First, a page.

Hamilton adding work-based learning graduation requirements
FILLMORE TWP. — A new set of graduation requirements were recently approved at Hamilton Community Schools.
Beginning with the class of 2027 — this year’s seventh-graders — students graduating from HCS will be asked to participate in further work-based learning opportunities.
The district currently offers and promotes WBL opportunities, but they will be formally required as part of the school’s curriculum in a few years.
Mat Rehkopf and Ashley Meyer presented the requirements to the school board in March to be put on a 30-day review. They were officially approved by the board during the April 11 meeting.
By giving students more opportunities to experience careers, the hope is that they can get a better idea of what to do after high school.
“Hopefully, our students will be making better, informed decisions about what their next step is and the education it takes to get there,” Rehkopf said.
Requirements were drafted after looking at the district’s strategic plan and hearing feedback from community members and recent graduates.
One goal in the strategic plan is “All students graduate with career and life skills necessary to be informed consumers, skillful and productive workers and active citizens.” A second is “Develop and implement business partnerships offering HCS students opportunities for real-world career exploration and skill building.”
A common theme among recent graduates, Rehkopf said, was a desire for more opportunities for things like internships and career exploration.
Each student will need to complete any three of a group of requirements laid out by the district in “preparation” and “training” categories. At least one task must come from the training category.
Preparation includes certain high school courses, including the Careerline Tech Center, AP and dual enrollment, the FuturePREP’d summer program, agricultural preparation programs, military preparation programs or school sponsored activities.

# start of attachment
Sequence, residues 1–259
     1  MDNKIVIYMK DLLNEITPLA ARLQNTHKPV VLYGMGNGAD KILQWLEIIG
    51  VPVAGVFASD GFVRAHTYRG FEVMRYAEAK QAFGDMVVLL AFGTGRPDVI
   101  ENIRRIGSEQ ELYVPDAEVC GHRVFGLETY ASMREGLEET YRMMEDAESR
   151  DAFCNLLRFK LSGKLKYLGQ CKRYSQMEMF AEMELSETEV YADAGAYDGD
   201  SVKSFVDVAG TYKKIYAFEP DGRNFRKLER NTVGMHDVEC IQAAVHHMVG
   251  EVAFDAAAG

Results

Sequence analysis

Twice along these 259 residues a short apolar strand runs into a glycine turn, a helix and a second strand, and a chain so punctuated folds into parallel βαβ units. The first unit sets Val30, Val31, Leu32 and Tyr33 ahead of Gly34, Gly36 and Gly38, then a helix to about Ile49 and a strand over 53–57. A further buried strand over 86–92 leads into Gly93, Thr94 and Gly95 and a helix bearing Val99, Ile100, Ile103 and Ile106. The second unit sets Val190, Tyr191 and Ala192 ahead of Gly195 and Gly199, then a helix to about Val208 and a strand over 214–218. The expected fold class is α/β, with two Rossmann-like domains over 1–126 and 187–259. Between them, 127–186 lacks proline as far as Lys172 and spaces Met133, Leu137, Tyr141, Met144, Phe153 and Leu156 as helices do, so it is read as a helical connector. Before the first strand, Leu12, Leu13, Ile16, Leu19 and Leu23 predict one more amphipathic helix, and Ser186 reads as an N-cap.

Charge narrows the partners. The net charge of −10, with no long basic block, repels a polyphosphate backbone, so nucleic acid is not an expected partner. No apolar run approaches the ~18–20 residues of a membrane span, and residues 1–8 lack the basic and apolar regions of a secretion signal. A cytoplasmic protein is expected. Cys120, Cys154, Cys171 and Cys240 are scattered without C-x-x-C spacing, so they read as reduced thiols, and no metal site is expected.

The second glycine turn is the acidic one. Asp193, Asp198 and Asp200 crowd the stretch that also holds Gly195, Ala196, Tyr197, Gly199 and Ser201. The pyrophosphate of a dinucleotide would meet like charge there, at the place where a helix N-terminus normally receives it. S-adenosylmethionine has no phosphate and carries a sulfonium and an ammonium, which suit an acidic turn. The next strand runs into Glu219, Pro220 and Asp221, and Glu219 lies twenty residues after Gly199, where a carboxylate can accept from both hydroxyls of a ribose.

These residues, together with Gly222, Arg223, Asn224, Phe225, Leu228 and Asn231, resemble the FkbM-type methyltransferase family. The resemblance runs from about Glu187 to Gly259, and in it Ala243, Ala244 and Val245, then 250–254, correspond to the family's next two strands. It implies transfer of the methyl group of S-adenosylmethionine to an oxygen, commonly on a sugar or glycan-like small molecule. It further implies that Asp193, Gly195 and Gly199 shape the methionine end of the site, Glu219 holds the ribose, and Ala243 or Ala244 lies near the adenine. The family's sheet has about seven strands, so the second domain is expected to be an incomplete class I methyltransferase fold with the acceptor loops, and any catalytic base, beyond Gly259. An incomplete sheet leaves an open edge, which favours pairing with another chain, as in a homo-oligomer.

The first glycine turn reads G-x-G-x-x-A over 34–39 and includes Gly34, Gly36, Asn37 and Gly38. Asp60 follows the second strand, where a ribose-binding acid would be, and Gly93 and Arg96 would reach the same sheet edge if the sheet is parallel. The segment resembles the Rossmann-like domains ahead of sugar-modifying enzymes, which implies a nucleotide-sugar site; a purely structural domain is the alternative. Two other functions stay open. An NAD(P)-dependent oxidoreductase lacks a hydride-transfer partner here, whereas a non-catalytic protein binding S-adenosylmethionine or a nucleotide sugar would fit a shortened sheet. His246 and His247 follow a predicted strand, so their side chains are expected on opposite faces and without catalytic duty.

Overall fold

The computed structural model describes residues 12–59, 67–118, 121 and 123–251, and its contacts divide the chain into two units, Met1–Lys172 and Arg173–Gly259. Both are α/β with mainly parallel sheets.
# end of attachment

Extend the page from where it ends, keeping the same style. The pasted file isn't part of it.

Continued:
The training category can include work experiences, a school store marketing course, a teaching practices internship, military training or the Future PREP’d Academy program.
Students will be able to complete tasks during the school day and fill out a form for a planned absence.
Students will have WBL experiences as part of the regular school day throughout their educational careers. These will include a Skills 4 Success day in fifth grade, various career pathway projects, job shadows and workshops.
These experiences are meant to prepare students to complete graduation requirements when they get to high school.
While presenting the requirements to the board, Rehkopf noted that the percentage of Hamilton graduates pursuing college or other degree programs after high school dropped to around 55 percent in 2018 and 2019 after being up over 60 from 2012-17.
Increasing that number is one area Rehkopf hopes to see improvement as a result of the WBL requirements.
“The data points we want to affect are, number one, the percentage of our students that want to further their education,” he said. “We want that number to go up. We want the percentage of students who finish something after high school to go up. Finally, we want the percentage of students dropping out of a college or some other program to go down.”
— Contact reporter Mitchell Boatman at [email protected]. Follow him on Twitter @SentinelMitch.